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Packaged and marketed as a taut wartime action film, but playing more like a low-key, two-hander horror flick, director Doug Liman’s The Wall is a satisfying, unpretentious, slyly metaphorical bit of entertainment. It’s slight – the kind of film that suggests the leads and director did it as a lark while they all had a few days off – but assured and consistently suspenseful.

It’s 2007, shortly after the supposed end to the American war in Iraq, and a pair of American snipers have been scoping out the scene of a massacre at an oil pipeline that’s under construction. Spotter Isaac (Aaron Taylor-Johnson) thinks the killer might still be out there, but his triggerman, Sgt. Shane Matthews (John Cena), has gotten tired of waiting silently in the bush and decides to investigate. Sure enough, Isaac turns out to be right and the soldiers are quickly pinned down on either side of a crumbling wall by a psychopathic Iraqi sniper who plans on toying with the pair before ultimately killing them.

Liman (Edge of Tomorrow, The Bourne Identity, Go) returns not only to the bare bones basics of his early independent film work, but also mounts the simplest film of his career. It’s a film that viewers familiar with Liman’s work likely won’t think the director has in him, much in the same way that no one expected comedian Jordan Peele to make Get Out the runaway horror success of the year thus far. It’s not as good as Peele’s film by any stretch, but The Wall boasts the same kind of stripped down, subtextual, and terrifying kind of feeling.

The cat and mouse games between Isaac and the sniper begin not even ten minutes into the film, and the goal is to take out the bad guy and save his brother-in-arms. Much like Ben Wheatley’s Free Fire earlier this year, both heroes are wounded early on and have a limited amount of time before they bleed out, dehydrate, or make a life ending mistake amid their hellish, sun-baked surroundings. Throughout, there’s no music to tell audiences how to feel; only the whizzing of bullets and shuffling of dirt beneath the characters’ feet. Cena’s fine, seemingly knowing he’s been cast since he literally played a similar character in The Marine with an equally meat-headed attitude, but the film mostly belongs to Johnson’s Isaac trying to assess their situation across 80 intense minutes.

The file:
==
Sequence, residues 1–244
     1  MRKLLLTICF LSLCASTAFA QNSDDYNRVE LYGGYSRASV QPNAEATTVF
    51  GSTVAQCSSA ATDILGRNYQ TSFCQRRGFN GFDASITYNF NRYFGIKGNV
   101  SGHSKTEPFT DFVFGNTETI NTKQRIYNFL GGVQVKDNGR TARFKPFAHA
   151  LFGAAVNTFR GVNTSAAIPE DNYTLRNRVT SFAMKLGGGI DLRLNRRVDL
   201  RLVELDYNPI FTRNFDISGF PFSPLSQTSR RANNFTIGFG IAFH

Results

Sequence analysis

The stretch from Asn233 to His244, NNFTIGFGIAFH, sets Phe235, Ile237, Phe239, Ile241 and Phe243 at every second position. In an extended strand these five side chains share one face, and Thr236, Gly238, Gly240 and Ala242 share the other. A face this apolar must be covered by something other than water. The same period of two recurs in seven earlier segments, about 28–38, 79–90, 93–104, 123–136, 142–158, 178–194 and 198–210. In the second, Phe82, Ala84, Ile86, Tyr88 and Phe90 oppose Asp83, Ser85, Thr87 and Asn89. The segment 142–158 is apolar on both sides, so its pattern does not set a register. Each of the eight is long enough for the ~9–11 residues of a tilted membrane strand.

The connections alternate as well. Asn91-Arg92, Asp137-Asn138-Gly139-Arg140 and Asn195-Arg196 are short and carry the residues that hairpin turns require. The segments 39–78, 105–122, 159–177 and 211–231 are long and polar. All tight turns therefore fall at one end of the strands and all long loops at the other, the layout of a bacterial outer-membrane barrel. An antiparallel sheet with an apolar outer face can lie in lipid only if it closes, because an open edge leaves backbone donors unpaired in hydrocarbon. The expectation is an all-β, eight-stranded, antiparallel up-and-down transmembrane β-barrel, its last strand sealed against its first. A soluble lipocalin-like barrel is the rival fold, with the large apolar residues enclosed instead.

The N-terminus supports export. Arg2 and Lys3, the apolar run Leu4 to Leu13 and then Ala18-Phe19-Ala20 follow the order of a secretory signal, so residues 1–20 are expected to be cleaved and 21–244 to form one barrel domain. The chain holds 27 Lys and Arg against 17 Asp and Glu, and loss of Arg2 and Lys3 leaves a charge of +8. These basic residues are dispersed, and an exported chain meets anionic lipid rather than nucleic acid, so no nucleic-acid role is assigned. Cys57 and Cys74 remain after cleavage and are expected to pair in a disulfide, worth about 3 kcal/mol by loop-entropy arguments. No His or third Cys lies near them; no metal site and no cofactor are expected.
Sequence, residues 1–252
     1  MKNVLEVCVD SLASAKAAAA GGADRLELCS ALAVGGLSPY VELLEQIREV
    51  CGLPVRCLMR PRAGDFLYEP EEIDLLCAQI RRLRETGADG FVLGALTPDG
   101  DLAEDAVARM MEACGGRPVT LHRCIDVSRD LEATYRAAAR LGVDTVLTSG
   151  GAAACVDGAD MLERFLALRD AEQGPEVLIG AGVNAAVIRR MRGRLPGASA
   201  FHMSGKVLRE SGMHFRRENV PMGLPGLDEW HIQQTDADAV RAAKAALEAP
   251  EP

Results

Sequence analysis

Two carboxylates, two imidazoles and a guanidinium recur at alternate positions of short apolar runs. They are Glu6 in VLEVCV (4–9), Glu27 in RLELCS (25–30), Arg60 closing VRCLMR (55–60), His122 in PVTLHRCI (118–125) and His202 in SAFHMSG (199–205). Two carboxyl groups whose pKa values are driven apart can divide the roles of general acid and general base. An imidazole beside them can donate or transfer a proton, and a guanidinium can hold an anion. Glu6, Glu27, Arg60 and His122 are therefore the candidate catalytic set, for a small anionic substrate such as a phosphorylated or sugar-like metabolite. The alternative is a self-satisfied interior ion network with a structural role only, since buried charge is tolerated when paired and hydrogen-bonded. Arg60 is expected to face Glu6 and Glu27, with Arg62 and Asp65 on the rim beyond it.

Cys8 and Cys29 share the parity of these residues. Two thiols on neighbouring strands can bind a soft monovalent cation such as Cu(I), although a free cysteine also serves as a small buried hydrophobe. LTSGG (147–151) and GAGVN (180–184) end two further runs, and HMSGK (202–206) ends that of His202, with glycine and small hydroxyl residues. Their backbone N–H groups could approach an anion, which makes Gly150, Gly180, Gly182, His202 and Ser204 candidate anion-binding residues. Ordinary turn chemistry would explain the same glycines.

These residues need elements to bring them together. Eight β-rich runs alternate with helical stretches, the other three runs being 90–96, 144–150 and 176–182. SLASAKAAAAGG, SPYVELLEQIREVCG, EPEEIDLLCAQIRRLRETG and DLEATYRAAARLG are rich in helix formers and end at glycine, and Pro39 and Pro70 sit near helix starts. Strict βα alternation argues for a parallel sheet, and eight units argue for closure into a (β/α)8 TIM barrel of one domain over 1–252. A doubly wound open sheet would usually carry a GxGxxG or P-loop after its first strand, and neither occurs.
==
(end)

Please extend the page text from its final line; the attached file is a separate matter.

There are some twists that I’m trying to dance around, but it spoils nothing to say that at a certain point the Iraqi marksman (voiced quite memorably with villainous aplomb by Laith Nakli) turns out to be the kind of psycho who likes to talk a lot and confuse our heroes. While that’s a pretty standard cliché, everything about the killer’s bizarre mythos and the heroes’ situation as portrayed in screenwriter Dwain Worrell’s sharp, but simple script boasts a great deal of criticism for American foreign policy. The killer hides in a literal trash heap comprised of detritus left behind by the multinational corporations. Isaac finds his only protection in a crumbling wall that the Americans were sent to destroy in the first place. At every turn, Isaac and Shane are sabotaged by their own adherence to protocol and belief in superstitions and biases that often cloud their reason. This is a story of soldiers in peril, but unlike most films about the American military these days, Liman’s has the guts to push things in a less jingoistic direction.

Without that, The Wall might come off as a bit exploitative and even slighter than it is, but here those beats enhance Johnson’s thoroughly game performance and Liman’s sparse mood and tone. Viewers might initially think they’re watching an action film, but they’re actually watching what would have made for a great Tales from the Crypt movie if The Wall had been produced twenty years ago. The Wall wasn’t what I expected it to be, but I appreciate it just the same for what it is and what it’s trying to do.